Split at the Root

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Hillary Clinton and Bernie Sanders are vying for more than the democratic nomination. They represent two irreconcilable paths for the party.


Too much attention is being paid to a Republican Presidential race that has confirmed itself as a farce with its penis jokes, odd yoga analogies, and outspoken demagogue (He Who Must Not Be Named); the media doesn’t even have to sensationalize anymore, and political pundits have been scrambling to theorize and analyze the disintegration of the Grand Old Party, trying to discuss seriously something as unserious as middle-school name calling.

But quietly on the other end of the spectrum, the Democratic Party is facing an identity crisis of its own. There has arisen a presidential field symbolic of a fundamental divide in the Democratic Party. It may be less spectacular, but this Democratic rift is just as serious as the Republican one. And no, this isn’t some sort of millennials-versus-the-world tirade about the rift between the young new Democratic voters, represented by Sanders, and the older ones, represented by Hillary Clinton. I refuse to explain this split in the Democratic Party with another rant about the baby boomers, Snapchat, and the generational gap.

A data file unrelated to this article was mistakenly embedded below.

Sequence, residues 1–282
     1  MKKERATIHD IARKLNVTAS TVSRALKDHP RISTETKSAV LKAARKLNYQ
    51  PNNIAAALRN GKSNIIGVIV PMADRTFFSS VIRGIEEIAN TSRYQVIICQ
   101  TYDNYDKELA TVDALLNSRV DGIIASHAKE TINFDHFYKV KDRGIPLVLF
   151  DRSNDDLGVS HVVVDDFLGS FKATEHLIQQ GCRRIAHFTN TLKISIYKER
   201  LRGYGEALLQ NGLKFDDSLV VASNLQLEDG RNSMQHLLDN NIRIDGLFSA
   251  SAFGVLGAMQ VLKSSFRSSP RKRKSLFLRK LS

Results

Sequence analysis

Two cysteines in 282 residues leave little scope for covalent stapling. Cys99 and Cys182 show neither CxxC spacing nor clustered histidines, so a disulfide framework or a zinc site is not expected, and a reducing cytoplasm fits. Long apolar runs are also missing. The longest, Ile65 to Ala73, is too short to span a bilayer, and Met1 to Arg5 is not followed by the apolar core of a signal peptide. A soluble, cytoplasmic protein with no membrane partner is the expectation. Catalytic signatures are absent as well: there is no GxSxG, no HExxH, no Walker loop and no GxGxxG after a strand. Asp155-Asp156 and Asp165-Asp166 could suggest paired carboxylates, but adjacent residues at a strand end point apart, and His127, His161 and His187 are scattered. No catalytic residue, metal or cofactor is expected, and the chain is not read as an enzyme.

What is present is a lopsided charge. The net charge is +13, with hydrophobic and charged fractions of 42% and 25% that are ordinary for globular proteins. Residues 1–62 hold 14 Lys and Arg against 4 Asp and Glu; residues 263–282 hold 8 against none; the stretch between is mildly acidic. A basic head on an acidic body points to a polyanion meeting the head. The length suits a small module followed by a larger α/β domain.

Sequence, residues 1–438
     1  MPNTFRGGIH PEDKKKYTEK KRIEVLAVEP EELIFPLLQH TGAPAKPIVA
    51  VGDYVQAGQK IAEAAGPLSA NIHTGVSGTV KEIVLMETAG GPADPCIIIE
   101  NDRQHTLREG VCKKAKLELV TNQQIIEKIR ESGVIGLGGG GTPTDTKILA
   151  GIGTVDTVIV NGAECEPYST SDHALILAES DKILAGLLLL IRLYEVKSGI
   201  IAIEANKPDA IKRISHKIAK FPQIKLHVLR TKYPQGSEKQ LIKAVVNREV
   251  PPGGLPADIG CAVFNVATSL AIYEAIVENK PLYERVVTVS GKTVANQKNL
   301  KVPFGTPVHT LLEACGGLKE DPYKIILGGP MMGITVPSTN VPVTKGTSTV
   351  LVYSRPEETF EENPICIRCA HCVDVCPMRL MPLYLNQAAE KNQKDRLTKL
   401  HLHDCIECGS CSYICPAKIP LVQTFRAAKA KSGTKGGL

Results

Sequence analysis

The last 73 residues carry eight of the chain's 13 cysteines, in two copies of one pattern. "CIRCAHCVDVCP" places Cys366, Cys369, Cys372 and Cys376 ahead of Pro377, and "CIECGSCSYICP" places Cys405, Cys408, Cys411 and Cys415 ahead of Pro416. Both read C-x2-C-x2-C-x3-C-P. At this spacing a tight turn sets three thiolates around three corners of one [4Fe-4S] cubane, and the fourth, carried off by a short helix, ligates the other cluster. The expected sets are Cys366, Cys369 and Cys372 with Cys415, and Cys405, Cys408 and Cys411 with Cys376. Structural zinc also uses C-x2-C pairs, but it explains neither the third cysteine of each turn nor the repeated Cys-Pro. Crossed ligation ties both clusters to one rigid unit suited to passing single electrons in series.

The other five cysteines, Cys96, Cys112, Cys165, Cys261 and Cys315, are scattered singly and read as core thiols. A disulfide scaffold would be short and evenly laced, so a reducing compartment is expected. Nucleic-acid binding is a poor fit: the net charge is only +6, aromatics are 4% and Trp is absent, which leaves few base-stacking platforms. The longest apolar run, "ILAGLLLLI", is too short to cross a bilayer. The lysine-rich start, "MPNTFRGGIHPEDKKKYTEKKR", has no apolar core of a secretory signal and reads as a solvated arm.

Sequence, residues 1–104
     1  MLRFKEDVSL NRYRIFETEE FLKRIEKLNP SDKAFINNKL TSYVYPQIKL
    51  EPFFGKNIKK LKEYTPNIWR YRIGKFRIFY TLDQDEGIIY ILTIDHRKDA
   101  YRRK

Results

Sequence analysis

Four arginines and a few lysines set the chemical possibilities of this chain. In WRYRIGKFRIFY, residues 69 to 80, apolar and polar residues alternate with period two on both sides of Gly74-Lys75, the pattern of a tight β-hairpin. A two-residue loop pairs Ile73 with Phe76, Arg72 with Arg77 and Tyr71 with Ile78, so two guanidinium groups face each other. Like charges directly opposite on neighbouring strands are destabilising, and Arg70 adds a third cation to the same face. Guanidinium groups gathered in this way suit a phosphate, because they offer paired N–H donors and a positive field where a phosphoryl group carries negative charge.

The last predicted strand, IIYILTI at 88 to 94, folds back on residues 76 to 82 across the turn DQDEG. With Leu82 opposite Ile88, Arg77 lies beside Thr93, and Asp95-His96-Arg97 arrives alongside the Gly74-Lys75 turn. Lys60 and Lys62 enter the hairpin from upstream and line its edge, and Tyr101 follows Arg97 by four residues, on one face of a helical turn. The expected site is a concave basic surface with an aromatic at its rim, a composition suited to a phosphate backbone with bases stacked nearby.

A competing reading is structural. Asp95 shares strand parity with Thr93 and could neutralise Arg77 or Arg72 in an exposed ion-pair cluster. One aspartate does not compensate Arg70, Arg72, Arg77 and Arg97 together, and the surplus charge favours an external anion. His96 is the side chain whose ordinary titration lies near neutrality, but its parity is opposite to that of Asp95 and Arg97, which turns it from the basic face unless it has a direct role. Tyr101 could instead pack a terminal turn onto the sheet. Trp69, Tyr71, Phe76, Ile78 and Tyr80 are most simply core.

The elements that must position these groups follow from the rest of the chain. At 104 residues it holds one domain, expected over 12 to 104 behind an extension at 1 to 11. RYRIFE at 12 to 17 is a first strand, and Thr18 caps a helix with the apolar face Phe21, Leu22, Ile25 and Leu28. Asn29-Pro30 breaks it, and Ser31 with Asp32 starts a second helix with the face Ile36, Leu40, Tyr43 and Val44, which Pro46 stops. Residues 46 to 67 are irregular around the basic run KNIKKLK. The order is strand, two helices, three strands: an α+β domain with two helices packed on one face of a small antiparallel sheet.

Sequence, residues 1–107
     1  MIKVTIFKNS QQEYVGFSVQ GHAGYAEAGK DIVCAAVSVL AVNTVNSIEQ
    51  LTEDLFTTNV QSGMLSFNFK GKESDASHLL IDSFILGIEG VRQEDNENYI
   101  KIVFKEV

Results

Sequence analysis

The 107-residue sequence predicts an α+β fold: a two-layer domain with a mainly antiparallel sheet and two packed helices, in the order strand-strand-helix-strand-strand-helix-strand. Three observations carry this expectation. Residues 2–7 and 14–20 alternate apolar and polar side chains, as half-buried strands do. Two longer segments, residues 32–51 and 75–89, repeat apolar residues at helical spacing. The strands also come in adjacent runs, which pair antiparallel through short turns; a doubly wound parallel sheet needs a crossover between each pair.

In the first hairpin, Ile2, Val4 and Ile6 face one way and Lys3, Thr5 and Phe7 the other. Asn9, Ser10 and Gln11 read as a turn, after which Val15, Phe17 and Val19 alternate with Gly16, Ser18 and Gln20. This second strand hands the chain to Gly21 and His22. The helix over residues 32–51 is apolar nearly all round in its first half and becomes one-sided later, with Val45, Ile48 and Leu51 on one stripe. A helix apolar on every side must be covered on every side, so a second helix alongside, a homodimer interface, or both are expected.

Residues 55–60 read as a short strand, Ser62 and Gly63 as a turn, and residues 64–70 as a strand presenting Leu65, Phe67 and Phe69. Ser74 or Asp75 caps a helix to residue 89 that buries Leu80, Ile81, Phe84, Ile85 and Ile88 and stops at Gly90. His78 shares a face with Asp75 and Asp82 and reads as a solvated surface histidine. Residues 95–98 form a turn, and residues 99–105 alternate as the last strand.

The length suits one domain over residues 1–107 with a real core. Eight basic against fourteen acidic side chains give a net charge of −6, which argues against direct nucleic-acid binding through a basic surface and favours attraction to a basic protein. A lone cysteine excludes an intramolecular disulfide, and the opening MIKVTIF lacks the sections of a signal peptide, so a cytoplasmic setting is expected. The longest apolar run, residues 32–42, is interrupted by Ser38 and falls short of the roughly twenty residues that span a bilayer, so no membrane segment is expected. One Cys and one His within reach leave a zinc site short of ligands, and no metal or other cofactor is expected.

I think it — this grand crack running down the center of the Party, I mean — is represented not by a difference in policy (unlike its Republican counterpart), but by how one goes about changing policy; it’s not a matter of content, but of process.

As far as appearances go, the two presidential candidates, and the type of Democratic Party they represent, are poles apart —one, a perfectly pruned smiling member of the political elite, and the other, a relatively unknown political insider with wild hair and a vigorous air. But when it comes to policy, they both have the same end goals of making society more progressive; Senator Bernie Sanders may be more to the left than Hillary Clinton on many issues (but not all — take women’s rights and gun control, for example), but they both stand firmly to the left of current society. For them, there’s no argument in what direction the country needs to go — both say it’s towards the progressive left — but on how one (a.k.a. the country) switches to that direction: does one meander gradually leftward, or does one take the proverbial “left-turn?”

It is this, meandering to the left versus turning sharply into it, that Hillary Clinton and Senator Sanders disagree upon, and it is this, their disagreement, that symbolizes the rift of the Democratic Party.

What direction will the Democratic Party go? The way of the radicals: that of the “left turn” and sudden political change? Or the way of the progressives: the gradual progress, building new political change upon the old, established, political mechanisms?